In the comments, Medical Madhouse points out that they also forgot to include medical costs to treat the injured-but-not-killed victims. I’m sure they did. However, since they include the cost of rebuilding buildings as a good thing (“economic growth”), they could just as easily include the cost of rebuiling people, i.e., medical care, as a part of economic growth. This would be just as (in)correct.

Perhaps it’s obvious that medical costs are a loss, since they just take a person back (at best) to the situation they were in before the disaster. In that case though, shouldn’t it be equally obvious that rebuilding costs are also a loss, for exactly the same reason?

UPDATE (2/10/05 2:15pm):

Don Boudreaux agrees.

UPDATE (2/10/05 5:45pm):

Rite Wing Technopagan and Jane Galt point out that this is yet another example of the Broken Window Fallacy, as described by Frédéric Bastiat in 1848. (Thanks to Jane for the link.)

The Broken Window Fallacy is the (incorrect) idea that if some delinquent throws a brick through a window of a shop, this is good for the economy, since the owner of the shop will have to pay to fix it, and the glazier who fixes the window will use that money to buy other things, from people who will in turn use that money to buy still other things, and so on. Why is this wrong? Because if they window had not been broken, the shop owner would still have spent that money, just on other things. And, whoever he bought from would have used that money to buy other things, etc. So, with the broken window, the shop owner spends money just to get back to where he started — he started with an intact window, and has one again. If it had never been broken, he’d have an intact window plus whatever else he could buy with the money he doesn’t have to use to replace the window. The only “winner” when the window breaks is the guy who fixes the window — and he “wins” at the direct expense of somebody else. Society as a whole is still worse off by the cost of one window.

It’s the same thing with tsunamis, hurricanes, earthquakes, and blackouts — it’s just with those, there are a lot more windows broken.

Vocabulary Problem

Filed under: — Different River @ 6:15 pm

The Virginia Senate yesterday approved a constitutional amendment that defines traditional marriage as the union of a man and a woman. The Senate voted 30-10 to pass the amendment after an emotional 30-minute debate during which several Democrats likened the measure to the Holocaust.”
Washington Times, Feb. 8

Other than the six million murdered Jews, the resemblance is uncanny.
James Taranto, Feb. 8

Do people really think they enhance their credibility by calling the marriage of a man an a woman “like the Holocaust”?

Do they really expect to be able to say things like that and still be taken seriously? Or do they simply think they can redefine words like “Holocaust” to mean both “utterly evil” and “anything we disagree with”? Well, maybe they do. After all, they think they can redefine another word (“marriage”) to mean something completely different from what it’s meant for the entire history of the English language.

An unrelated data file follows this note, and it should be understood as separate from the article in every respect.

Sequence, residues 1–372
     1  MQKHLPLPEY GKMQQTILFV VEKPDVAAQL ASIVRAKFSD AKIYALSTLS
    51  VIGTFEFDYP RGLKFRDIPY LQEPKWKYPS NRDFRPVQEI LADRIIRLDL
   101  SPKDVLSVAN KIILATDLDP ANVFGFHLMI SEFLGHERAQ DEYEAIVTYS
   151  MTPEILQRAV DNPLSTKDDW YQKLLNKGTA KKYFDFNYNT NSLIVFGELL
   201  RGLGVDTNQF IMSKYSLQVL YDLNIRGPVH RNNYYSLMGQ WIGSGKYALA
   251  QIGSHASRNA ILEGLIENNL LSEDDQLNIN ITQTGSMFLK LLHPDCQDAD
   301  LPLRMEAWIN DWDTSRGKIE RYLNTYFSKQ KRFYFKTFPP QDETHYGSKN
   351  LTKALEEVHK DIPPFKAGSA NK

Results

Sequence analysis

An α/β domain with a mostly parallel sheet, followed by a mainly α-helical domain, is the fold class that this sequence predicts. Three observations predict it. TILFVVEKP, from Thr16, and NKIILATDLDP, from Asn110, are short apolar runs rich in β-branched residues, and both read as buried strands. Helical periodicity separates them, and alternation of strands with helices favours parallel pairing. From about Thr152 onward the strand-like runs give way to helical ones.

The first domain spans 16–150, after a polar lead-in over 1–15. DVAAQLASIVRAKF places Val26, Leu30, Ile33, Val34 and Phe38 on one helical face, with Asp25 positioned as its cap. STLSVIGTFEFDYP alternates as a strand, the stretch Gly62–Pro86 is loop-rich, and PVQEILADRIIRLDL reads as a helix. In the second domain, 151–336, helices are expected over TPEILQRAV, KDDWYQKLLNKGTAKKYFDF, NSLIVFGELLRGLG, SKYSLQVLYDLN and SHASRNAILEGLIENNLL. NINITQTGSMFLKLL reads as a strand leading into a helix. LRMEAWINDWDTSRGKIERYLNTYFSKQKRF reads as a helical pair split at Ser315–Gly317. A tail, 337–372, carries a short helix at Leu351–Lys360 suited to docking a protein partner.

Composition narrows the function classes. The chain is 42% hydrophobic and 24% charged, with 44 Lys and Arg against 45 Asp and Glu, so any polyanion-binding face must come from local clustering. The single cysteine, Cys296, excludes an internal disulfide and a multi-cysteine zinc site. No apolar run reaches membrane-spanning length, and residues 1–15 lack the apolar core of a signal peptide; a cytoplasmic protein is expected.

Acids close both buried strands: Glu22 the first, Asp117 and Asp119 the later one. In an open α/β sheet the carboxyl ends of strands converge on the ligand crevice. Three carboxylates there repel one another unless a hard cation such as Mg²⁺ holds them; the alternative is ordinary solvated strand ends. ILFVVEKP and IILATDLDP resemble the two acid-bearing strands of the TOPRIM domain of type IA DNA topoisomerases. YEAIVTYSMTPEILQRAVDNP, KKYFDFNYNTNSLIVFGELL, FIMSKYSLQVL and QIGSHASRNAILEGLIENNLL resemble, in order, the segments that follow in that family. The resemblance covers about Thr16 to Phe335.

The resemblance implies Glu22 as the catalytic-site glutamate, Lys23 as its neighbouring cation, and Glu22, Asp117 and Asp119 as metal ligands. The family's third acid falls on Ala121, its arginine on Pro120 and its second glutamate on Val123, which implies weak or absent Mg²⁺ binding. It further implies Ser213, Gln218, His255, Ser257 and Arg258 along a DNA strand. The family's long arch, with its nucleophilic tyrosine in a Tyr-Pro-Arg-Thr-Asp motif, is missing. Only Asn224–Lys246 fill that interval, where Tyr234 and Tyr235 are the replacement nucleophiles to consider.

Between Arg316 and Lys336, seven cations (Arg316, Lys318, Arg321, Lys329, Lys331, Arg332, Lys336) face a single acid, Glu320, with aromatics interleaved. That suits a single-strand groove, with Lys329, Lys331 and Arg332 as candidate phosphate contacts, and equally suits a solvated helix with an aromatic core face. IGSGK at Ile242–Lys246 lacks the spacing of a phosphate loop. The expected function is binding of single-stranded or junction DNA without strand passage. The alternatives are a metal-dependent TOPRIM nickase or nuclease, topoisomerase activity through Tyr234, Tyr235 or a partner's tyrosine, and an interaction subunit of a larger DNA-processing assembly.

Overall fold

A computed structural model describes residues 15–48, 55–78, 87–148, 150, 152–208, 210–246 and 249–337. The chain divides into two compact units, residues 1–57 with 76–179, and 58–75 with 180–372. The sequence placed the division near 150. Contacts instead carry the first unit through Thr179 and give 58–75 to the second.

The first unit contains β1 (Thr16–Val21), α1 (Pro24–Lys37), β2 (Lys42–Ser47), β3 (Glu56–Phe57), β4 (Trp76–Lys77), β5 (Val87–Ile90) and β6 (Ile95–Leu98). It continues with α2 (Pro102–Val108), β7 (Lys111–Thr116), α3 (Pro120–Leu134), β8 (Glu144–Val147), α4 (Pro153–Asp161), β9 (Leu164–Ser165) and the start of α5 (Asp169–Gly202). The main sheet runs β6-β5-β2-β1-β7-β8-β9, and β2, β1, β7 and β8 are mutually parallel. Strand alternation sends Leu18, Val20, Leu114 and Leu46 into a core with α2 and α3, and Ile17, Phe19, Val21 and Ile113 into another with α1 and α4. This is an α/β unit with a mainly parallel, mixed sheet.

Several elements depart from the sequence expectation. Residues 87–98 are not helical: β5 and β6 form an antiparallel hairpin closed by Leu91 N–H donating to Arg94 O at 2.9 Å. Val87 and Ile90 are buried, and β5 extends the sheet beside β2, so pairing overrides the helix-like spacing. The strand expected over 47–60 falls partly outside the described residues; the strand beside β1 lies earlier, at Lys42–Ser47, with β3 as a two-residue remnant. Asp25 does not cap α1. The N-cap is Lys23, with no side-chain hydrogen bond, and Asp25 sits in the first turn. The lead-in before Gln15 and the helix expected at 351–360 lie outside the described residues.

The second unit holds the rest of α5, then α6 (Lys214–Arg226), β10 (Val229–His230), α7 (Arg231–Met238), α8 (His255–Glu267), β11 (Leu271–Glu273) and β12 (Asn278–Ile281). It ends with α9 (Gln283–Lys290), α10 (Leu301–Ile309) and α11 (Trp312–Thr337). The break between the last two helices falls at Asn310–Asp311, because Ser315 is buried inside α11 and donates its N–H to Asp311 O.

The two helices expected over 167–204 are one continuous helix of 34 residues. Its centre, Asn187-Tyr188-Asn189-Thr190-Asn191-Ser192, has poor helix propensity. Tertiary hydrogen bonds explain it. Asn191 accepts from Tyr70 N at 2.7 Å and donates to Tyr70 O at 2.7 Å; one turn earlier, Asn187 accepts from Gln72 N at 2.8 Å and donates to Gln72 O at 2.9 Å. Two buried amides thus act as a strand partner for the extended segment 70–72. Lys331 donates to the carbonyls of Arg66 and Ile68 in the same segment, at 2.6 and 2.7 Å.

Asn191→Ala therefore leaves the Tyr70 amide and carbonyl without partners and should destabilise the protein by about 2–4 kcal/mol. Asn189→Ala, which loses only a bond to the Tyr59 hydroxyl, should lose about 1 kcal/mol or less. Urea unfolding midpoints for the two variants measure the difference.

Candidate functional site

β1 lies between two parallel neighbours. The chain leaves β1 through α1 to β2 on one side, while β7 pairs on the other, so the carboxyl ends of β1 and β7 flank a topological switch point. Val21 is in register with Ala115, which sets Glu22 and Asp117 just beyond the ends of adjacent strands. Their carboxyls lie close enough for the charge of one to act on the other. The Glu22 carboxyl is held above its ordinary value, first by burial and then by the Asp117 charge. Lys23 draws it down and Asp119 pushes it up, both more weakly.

Discrimination in Brookline

Filed under: — Different River @ 9:00 am

Chinese-born U.S. Army second lieutenant and a 53-year-old African-American domestic abuse victim have been denied the right to carry a gun in Brookline, Massachusetts — and in the case of Lt. Kang Lu, it was the renewal of his permit that was denied.

Why, do you ask, did the Brookline police deny Lt. Lu his renewal? Because that scofflaw (boo! hiss!) was once caught reading in the wrong section of a public library.

Apparently, in Brookline, that’s a crime.

From the Brookline TAB:

But on a weekday afternoon in June 2002, Lu said a [Coolidge Corner Library] staff member approached him and said he had to leave his study table because he was told it was in the “children’s section.” He noted that no children were in that section of the library, but was told to leave the area anyway.

“I told the librarian ‘If you believe I’m violating a law, call the police and see what they say.’”

A short time later, police arrived at the library, and Lu said officers told him that he was violating library policy and could be cited for trespassing if he did not clear the area.

In a June 24, 2003, letter to Lu from O’Leary, however, “the facts surrounding the incident you were involved in at the Coolidge Corner Library” was listed as the first among the reasons why Lu’s license to carry was pulled.

Folks, as Dave Barry would say, I am not making this up. I could not make this stuff up! I am not nearly creative enough to make up a world as completely, totally, unremittingly loony as what passes for reality in the Bay State.

For the full story — and it gets worse, much, much worse — see the aptly named blog mASS BACKWARDS, which has the full TAB article with an excellent point-by-point commentary.

(Hat tip: Clayton Cramer.)

You know, you would never know from the situation now that the American Revolution started just outside Boston, with a conflict over the (British) government’s confiscation of guns.

Cheney won’t run — not no way, not no how!

Filed under: — Different River @ 8:00 am

In case you were wondering, Vice President Cheney is trying to make it as clear as possible that he is not running for president in 2008.

“I will say just as hard as I possibly know how to say … ‘If nominated, I will not run,’ ‘If elected, I will not serve,’ or not only no, but ‘Hell no,”‘ Cheney told “Fox News Sunday. … I’ve got my plans laid out. I’m going to serve this president for the next four years, and then I’m out of here.”

This is obviously a reference to the statement of General William Tecumseh Sherman, who said in 1884: “If I nominated I will not run. If elected I will not serve. If forced to choose between the penitentiary and the White House for four years, I would say the penitentiary, thank you.

It’s nice when people know exactly what they (don’t) want.